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Ever since “bro” crept out of the frat house basement and into the mainstream, the now-ubiquitous term has suffered a backlash. Consider the dominant definition of “bro” on urbandictionary.com: “Stupid white trash guys . . . with lifted trucks, wife beaters, shitty music . . . ugly girlfriends, ugly hair, mouths constantly open, retarded as all get up, have no common sense . . . Fags.”
Also indicative of the term’s current status: Even the founder of forthcoming online community BroBible.com —-the world’s first online “brocial network“—-hesitates to self-identify as “bro.” “The word bro has a negative connotation to some,” admits Doug Banker, the bro behind Bro Bible. “I’m definitely a bro in certain aspects,” he adds. “But I consider myself a well-rounded bro.”
But to Banker, 23, the term “bro” means something different. “We see it in the playful way . . . Really, a bro is just someone who likes to go out and have a good time, who likes to stay connected to their group of friends while expanding their horizons,” he says. “It’s not one of our goals to make the word ‘bro’ more positive,” adds banker. “But yes, hopefully, that will happen.”
Banker, who graduated this year from the University of Richmond with a B.A. in “Leadership Studies,” hopes that BroBible.com will give a voice to what he views as a sorely underrepresented demographic. The Web site, tag-lined “Every bro has a story,” will debut its mix of social networking, open forums, and bro-generated content on Oct. 15. “This is one of the first sites that’s tailored specifically to the needs and interests of the bro,” says Banker. “Finally, there will be an outlet on the Internet where [bros] can truly express themselves.”
The nationwide site aims to connect a diverse network of bros around the country. “The actual type of bro varies, but there are bros everywhere,” explains Banker. “You’ve got the Southern bro, enjoys being outside; the Colorado ski bro; the California surf bro; the Texas down-South bro; the Northeastern preppy lacrosse bro. There are all different types of bros, but they share common attributes.”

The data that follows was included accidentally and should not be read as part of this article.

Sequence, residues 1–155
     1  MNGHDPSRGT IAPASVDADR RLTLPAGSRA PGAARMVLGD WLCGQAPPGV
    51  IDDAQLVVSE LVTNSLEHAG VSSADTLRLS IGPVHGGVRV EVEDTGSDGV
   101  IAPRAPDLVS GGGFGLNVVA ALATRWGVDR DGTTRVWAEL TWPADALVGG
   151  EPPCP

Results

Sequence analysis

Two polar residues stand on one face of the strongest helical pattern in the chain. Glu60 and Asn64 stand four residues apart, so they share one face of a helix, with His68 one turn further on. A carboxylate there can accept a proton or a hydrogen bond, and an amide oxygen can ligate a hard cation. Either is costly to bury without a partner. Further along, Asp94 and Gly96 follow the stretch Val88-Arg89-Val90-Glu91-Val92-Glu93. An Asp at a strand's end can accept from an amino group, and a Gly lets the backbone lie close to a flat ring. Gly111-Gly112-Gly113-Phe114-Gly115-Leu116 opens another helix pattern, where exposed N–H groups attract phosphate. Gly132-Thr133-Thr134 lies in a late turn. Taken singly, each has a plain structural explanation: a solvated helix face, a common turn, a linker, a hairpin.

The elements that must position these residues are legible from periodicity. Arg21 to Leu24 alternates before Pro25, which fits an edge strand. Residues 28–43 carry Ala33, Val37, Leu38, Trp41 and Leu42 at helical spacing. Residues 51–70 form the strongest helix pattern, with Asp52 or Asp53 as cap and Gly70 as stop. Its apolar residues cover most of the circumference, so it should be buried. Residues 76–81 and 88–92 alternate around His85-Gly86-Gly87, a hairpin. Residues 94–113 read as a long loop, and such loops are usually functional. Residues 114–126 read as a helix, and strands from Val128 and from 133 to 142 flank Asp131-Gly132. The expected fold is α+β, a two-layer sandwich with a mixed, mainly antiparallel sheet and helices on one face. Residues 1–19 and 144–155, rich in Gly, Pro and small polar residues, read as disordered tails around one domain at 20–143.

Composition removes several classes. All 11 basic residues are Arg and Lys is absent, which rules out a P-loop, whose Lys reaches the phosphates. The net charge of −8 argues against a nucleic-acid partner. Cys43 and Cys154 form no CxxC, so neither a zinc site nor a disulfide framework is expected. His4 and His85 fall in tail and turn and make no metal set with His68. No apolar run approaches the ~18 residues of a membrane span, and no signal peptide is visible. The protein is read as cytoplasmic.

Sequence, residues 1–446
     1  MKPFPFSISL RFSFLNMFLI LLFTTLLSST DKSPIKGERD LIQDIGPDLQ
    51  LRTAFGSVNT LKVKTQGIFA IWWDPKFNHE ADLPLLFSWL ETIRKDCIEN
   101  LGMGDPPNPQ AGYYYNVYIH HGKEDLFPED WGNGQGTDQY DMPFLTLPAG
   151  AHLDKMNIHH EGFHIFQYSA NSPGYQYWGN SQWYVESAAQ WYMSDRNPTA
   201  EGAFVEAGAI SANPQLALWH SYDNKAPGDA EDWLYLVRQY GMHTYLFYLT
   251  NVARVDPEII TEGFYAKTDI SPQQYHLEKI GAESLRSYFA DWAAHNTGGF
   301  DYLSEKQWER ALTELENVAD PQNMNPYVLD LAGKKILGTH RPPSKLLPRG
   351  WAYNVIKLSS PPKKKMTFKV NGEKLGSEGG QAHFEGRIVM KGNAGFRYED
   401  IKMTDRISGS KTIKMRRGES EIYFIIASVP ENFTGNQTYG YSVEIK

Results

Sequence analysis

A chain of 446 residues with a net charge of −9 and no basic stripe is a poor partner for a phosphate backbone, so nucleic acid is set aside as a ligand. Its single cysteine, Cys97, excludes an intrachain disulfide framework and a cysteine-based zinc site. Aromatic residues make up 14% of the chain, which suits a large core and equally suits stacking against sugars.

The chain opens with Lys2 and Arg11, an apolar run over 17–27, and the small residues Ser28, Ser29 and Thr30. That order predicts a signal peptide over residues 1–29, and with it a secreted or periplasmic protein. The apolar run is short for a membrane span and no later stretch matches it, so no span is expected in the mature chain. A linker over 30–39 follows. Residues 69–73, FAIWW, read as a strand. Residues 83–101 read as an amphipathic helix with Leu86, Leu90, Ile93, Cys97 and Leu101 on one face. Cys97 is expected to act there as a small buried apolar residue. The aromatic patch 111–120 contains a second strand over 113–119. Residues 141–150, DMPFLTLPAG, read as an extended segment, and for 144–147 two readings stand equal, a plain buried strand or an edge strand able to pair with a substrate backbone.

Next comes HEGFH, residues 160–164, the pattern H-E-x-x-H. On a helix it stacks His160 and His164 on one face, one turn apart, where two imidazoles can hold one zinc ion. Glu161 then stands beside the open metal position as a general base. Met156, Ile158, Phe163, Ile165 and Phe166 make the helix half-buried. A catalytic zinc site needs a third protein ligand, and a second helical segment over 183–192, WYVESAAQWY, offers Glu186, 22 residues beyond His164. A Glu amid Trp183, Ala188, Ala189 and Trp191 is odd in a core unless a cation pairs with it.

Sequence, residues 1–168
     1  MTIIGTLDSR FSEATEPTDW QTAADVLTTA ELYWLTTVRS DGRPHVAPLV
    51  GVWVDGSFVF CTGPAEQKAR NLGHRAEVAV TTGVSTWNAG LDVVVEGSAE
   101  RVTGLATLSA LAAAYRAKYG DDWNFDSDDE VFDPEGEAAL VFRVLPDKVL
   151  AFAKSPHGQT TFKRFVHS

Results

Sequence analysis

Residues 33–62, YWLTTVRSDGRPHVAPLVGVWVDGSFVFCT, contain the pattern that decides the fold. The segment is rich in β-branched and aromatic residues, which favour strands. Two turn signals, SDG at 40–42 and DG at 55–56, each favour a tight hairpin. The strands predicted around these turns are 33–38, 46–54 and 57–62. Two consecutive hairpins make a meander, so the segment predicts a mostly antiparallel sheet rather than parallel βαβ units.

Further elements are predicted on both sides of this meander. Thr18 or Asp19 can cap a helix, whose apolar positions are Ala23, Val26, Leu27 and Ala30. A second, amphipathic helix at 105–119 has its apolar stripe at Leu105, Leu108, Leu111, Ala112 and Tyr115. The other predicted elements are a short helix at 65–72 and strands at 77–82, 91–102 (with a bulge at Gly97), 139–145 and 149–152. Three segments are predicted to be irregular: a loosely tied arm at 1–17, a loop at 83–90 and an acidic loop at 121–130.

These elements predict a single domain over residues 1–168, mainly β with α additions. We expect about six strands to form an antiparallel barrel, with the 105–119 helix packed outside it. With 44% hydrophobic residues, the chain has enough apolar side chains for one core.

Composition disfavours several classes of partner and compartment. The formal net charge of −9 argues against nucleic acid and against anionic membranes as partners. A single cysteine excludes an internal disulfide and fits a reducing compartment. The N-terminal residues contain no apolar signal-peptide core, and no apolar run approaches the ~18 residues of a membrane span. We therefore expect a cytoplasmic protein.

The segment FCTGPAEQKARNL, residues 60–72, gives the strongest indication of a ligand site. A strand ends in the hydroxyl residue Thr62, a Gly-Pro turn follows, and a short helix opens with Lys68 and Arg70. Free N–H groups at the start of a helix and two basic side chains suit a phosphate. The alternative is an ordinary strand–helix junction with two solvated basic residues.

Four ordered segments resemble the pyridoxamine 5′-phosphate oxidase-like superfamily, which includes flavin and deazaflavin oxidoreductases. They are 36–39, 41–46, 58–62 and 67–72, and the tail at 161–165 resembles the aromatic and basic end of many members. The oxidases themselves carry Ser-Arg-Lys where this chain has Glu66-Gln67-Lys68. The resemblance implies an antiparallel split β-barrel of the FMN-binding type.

Banker hopes to court the bros of the District of Columbia specifically. “A lot of my friends at Georgetown are huge bros, and they really enjoy the nightlife scene there,” he says. “In the bars, you can find a great deal of bros. Any sporting event, a lot of bros. I would imagine that D.C is full of them,” he says. Banker says he is planning to take his promotional bro tour to Washington, D.C. within the next month.
Other types of bros, however, are less welcome in the online community. “It’s not the ‘yo, bro’ type of thing,” says Banker, “We’re not trying to get a guy who’s going to drink ten beers and crash them over his head. . . . The site is not going to be glorifying male conquest and championing their exploits.”
Still, Banker says he hopes to promote an “open forum” where bros “can share all types of stories and not feel embarrassed to get that information out,” he says. “And if that includes beer and hooking up, then so be it.”
Though the bro is typically defined as male, Banker says that female bros—-and women close to bros—-are also encouraged to check out the site. “I think it’s going to be very popular with women,” Banker says. “Women are really going to enjoy the site. They’ll be able to gain insight into the male ego, the male bravado, how the male mind works. At the very least, they’re going to want to know why their boyfriend is spending so much time on the site.”
Banker is hopeful that, with the help of the online bro community, a new term for a female bro will soon be coined. “I’ve been looking for one. I can’t think of one off the top of my head,” says Banker. “Trust me, I’ve been wracking my brain for a long time.”
Photo by Tavallai.